Critique On The Idea Of Devaluation Of Walking In Walking And The Suburbanized Psyche By Rebecca Solnit

Rebecca Solnit argues “Walking and the Suburbanized Psyche”, an article by the art critic and the writer of Wanderlust: A History of Walking. Solnit argues that the suburbanization of the world has broken down the connection of the mind, the body and the environment that was made possible through walking. Our society has devalued walking due to the proliferation of cars and suburbization. Solnit thinks that devaluing walking will make it harder for us to connect with other people and to do good. Solnit’s statement that walking is devalued will result in the loss imagination, of the body, and of the world, I do not agree with. Walking isn’t the only activity which can enhance imagination, our body, and our world.

Solnit says that if walking is devalued further, there will be a loss in imagination. Walking is not the only activity that helps you imagine. I can reflect and think deeply when I go to the gym. Running on a treadmill boosts my creative imagination and relieves me of stress. I have found that painting and drawing both give me similar benefits. Imaginers are not limited. It is not true that walking alone can make you imagine. Solnit should take disabled people into consideration. Do they have a problem imagining? Not everyone can walk or traverse. Solnit basically says that disabled people don’t know how to imagine. This is contrary to her claim that walking would lose its value if it were devalued. It is true that there are many other ways we can imagine than by walking. Solnit would be wise to consider other factors than walking as the only way of fostering imagination.

Solnit says that we should value walking more in society. Walking is something that we all do, so I don’t see why it should be appreciated. It’s something that we can’t get rid of. It’s not something special or extraordinary. Solnit claims that people need to try walking more. She acts as if people don’t walk or only rarely do. No matter how short or far we walk, it’s always something. Walking can be voluntary or necessary. Voluntary walks are those that you do out of the goodness of your heart, while required walking is for school or work. Solnit argues that natural space is lacking in many communities. Los Angeles, New York and other cities have a dense population. In order to meet the demand and increase in population, there is hardly enough space. This area makes it nearly impossible to demand more space. There are areas where the sidewalks can’t be walked because cars are pulling to one side. Los Angeles has sidewalks that are twisted and distorted by the roots of trees. This makes it nearly impossible to walk. Solnit must consider that the terrain, and surrounding areas can make walking impossible.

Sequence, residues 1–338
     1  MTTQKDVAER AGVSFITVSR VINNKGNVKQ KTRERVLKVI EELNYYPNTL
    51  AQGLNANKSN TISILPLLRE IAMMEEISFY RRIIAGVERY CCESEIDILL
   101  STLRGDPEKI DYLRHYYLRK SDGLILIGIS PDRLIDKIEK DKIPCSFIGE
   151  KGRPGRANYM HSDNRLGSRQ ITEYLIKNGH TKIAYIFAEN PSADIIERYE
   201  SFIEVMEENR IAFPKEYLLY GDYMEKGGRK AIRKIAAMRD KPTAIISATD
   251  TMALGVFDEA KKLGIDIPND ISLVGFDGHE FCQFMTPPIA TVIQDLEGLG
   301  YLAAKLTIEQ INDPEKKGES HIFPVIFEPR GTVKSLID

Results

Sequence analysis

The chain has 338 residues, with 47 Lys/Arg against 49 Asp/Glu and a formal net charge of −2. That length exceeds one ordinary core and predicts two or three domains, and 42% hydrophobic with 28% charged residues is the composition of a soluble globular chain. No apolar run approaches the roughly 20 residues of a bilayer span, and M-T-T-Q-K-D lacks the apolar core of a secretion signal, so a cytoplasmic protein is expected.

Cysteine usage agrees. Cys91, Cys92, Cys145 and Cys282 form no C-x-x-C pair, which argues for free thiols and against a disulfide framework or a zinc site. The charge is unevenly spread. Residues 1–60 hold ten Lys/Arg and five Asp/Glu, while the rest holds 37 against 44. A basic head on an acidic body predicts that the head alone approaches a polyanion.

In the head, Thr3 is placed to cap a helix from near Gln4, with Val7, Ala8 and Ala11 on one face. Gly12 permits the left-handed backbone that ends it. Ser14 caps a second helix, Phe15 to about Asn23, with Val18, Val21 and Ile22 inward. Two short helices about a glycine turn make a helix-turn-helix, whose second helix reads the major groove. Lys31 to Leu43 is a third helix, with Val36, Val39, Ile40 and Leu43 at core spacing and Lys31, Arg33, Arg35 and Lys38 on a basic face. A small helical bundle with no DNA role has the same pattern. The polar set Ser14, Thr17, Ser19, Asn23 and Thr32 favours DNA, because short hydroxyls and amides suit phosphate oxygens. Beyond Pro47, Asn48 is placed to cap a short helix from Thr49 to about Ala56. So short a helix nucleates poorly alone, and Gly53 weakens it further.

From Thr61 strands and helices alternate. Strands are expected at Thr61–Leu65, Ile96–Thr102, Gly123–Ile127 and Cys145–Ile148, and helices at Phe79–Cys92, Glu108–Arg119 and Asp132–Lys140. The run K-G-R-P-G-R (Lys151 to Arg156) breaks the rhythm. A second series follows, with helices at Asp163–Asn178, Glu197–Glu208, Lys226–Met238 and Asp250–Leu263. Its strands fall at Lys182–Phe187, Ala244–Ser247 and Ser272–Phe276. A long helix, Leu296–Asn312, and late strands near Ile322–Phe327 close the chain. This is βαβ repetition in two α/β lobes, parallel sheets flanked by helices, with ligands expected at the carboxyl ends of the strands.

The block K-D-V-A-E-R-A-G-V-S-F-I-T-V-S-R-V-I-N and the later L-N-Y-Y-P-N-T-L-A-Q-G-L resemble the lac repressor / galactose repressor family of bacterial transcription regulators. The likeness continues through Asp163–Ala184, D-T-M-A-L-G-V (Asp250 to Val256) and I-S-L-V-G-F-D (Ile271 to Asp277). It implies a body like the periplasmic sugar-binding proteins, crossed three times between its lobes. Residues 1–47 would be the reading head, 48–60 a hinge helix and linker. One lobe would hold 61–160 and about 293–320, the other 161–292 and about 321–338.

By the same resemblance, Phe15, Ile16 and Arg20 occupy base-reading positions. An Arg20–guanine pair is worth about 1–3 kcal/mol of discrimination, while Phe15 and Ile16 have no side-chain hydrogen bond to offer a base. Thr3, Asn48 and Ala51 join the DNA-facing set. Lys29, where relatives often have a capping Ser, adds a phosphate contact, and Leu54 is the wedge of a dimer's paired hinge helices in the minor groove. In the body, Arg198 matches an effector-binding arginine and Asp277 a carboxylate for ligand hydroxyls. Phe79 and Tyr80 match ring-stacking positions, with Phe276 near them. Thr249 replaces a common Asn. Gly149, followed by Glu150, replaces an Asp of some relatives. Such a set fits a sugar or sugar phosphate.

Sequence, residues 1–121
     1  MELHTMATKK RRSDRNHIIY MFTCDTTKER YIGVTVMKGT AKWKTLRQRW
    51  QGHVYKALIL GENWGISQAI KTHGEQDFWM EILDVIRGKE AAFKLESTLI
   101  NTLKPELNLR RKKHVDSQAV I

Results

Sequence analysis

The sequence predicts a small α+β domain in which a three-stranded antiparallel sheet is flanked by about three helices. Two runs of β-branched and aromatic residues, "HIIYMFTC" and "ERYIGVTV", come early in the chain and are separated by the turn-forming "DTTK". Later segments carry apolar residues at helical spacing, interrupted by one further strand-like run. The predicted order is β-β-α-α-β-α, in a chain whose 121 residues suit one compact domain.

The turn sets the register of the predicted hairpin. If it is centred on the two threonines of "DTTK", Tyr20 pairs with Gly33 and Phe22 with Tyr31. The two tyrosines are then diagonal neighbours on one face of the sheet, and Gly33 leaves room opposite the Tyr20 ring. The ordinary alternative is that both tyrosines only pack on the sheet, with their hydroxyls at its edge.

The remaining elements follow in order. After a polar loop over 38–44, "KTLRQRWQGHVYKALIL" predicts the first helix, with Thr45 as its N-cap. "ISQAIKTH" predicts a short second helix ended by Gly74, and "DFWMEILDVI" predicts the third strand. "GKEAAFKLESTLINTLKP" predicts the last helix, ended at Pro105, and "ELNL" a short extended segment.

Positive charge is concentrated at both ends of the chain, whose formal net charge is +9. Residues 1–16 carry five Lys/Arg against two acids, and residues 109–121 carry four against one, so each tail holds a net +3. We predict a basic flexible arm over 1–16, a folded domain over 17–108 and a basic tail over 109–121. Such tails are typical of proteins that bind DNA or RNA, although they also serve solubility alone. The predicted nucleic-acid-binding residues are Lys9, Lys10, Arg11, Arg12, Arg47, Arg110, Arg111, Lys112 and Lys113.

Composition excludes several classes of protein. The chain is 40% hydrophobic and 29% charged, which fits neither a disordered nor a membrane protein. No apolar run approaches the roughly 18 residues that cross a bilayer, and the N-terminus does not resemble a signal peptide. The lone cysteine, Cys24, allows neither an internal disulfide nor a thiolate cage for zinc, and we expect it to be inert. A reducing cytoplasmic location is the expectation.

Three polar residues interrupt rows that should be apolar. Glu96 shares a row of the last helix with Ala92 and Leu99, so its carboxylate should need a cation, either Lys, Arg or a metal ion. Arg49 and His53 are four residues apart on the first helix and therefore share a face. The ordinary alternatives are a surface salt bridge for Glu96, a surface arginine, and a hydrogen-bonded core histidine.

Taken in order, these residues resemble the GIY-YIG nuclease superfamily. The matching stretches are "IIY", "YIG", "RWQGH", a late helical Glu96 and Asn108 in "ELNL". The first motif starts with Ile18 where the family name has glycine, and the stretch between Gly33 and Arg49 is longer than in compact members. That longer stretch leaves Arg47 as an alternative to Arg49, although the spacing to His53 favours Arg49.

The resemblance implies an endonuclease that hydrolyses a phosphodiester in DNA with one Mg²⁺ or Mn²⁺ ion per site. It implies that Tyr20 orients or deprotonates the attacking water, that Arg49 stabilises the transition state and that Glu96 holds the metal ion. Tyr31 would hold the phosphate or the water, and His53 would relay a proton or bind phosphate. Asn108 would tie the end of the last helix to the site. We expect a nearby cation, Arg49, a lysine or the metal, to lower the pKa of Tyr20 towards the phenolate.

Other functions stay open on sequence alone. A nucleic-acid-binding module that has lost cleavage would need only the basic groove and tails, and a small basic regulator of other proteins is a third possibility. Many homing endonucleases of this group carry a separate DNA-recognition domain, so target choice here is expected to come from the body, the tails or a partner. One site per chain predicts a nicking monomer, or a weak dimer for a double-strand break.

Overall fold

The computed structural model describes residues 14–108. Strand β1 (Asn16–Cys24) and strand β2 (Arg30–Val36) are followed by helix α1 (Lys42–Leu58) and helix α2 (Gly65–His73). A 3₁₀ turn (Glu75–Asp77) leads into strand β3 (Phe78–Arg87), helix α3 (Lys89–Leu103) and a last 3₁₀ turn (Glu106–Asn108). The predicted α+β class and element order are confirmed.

Solnit believes that a reduction of walking could lead to the loss of human interaction. We will also lose contact with our friends and society. You won’t always find yourself in a conversation with a stranger when you walk. You will not find love or new friends by walking. I walk 6 miles daily, from class to dorm. Strangers I passed on my way to class have not become friends or acquaintances. Today, approaching or talking to strangers is considered weird. They will not be willing to speak to strangers, but instead become frightened by their presence. The crime rate in our community is a major factor. We have developed a new inner instinct to ignore strangers. Many people are afraid to leave their houses for fear of being robbed or kidnapped. People are avoiding walking because of the dangers. Solnit believes that walking for leisure is only possible in wealthy, safe neighborhoods. Walking doesn’t always mean you are in the world. You can meet people and socialize by joining clubs, volunteering or doing other activities. Solnit is wrong when she says that not being able to walk would cause us to lose contact with the wider world. There are other ways of interacting with it. Walking isn’t the only way to interact with the world. You can use many methods to interact with your world.

Solnit also makes a case for cars, claiming that car diffusion has led to a significant reduction in walking. She says that people should walk more instead of driving. Some drive 30-50 miles daily to work. Does she want to make them walk back and forward that distance each day? Walking is good for you, but it’s important to be able to travel from A to B within a certain time frame. It would take a long time to get to work if people walked more. They’d also cause more traffic. Walking everywhere is simply not possible with our modern lifestyles.

Solnit is wrong in her claim that devaluing walking will lead to a loss imagination, world and body. Walking isn’t a factor or an activity that helps us boost our creativity, interact with the outside world, or our body. Working out and doing yoga help us to imagine. Sporting events and local events can be a great way to meet people. Walking is not the only way to exercise. You can walk for a number of reasons and through a variety activities. Solnit has to consider the disabled, those in high-crime neighborhoods, as well as other factors, before she can say that not walking is bad for us.


  • camdynelliott

    Camdyn Elliott is a 35-year-old educational blogger and school teacher. She has been writing about education for nearly a decade, and her work has been featured on sites like The Huffington Post and The New York Times. Camdyn is the founder of the education blog Education Week, and she is also the author of the book "How to Teach Like a Pro: A Guide to Effective Teaching Methods for College and Career Students."

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